Flashes of guile and machismo notwithstanding, Morales is a greatly diminished fighter. It may reasonably be asked what a victory over the Tijuana fighter means for Marquez at this juncture. Marquez has retained his membership in the sport’s elite, while Morales is coming off of a loss to athletic yet unremarkable junior welterweight Danny Garcia. The careers of Marquez and Morales are on different trajectories. Morales would undoubtedly have his moments—to his credit he will not be denied them—but Marquez would be a prohibitive favorite should they meet. From The Cruelest Sport
Predictably, given the shoddy judging that continues to plague the sport, he got the victory anyway, "earning" a split decision by scores of 111-117, 116-112, and 115-113. Reaction after the bout was a mixed bag of outrage and indifference, but the question of which stunk worse – the decision or the action inside the ring – is a riddle not worth investigating. From The Cruelest Sport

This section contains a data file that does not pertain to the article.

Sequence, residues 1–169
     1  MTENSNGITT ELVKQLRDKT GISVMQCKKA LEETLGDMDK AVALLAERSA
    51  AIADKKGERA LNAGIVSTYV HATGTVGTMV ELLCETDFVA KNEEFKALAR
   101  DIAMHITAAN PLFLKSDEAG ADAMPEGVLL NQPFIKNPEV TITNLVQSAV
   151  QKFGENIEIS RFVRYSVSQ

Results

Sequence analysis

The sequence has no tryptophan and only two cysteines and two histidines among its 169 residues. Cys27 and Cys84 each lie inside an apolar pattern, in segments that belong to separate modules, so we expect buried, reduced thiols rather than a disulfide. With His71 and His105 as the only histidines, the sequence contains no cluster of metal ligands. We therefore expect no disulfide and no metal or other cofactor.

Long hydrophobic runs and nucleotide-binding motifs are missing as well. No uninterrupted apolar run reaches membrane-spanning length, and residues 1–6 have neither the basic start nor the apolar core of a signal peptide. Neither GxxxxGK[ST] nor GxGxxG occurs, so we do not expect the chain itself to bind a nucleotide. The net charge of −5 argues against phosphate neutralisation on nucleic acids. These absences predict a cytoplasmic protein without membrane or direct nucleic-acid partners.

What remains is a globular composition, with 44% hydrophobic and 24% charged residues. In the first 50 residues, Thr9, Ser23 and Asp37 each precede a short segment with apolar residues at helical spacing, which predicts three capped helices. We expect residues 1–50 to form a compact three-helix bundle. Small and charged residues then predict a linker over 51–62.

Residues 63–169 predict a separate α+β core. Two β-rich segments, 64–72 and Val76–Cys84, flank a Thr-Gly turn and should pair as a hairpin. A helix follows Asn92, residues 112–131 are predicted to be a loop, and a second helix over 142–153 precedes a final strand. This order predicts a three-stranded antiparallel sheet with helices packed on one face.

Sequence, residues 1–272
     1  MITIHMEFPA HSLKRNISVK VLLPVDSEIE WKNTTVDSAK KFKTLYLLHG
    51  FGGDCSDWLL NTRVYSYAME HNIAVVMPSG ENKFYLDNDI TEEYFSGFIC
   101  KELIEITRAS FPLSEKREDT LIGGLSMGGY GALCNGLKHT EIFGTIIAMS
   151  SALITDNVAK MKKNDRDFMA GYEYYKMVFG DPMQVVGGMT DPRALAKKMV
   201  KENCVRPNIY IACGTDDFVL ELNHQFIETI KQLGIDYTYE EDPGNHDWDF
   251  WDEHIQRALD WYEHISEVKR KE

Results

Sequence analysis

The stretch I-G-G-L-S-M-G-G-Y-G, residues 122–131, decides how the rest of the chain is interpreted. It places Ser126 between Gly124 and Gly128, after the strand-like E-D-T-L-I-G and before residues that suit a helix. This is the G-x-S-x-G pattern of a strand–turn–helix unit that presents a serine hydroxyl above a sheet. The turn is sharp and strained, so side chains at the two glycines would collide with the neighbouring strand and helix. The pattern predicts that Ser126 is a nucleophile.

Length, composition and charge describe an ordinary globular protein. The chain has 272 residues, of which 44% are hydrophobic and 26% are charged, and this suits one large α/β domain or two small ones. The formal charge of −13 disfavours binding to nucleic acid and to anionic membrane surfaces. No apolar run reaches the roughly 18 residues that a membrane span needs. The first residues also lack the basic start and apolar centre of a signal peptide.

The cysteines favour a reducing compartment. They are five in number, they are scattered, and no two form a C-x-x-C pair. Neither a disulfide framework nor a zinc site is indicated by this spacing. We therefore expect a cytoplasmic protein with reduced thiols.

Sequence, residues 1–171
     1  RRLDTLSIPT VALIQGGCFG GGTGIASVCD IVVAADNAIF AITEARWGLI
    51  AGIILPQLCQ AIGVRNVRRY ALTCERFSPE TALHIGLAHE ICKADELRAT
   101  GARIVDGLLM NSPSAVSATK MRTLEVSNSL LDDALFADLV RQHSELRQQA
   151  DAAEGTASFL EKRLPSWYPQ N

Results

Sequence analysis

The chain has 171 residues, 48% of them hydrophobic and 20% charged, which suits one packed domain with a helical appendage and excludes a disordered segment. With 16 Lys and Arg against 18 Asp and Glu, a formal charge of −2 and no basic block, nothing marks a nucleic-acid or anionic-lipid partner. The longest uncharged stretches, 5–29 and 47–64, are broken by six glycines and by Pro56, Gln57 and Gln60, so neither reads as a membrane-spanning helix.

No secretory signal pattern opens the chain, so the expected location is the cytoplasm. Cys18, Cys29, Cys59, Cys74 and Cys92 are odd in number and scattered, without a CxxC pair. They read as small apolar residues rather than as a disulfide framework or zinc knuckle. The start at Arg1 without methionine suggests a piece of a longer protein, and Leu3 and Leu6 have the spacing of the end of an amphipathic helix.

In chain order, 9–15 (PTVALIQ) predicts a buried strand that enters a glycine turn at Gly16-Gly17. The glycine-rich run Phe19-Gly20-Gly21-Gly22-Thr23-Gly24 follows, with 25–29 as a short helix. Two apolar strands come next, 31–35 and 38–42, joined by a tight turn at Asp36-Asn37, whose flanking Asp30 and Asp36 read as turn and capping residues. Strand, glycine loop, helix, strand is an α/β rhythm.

...EyeOnTheRing.com collects and analyzes fan cards, & they have a 50% 'controversy rating' on this fight - about half the fan cards agree with the official outcome, half disagree. Maybe opinions really are split right down the middle, but sooner or later they will have more on one side or the other, I'd like to see some site like this aggregate fan opinion on these types of fights.
The first cat hits the speed bag better than Antonio Margarito.
El Nuevo Dia is reporting that the Puerto Rico boxing commission has suspended Juanma Lopez for one year beginning on May 10th (which is when the mandatory suspension for a knockout ends). Juanma was also fined 10,000 dollars and expected to do 100 hours of community service. Obviously, Juanma will appeal the sentence.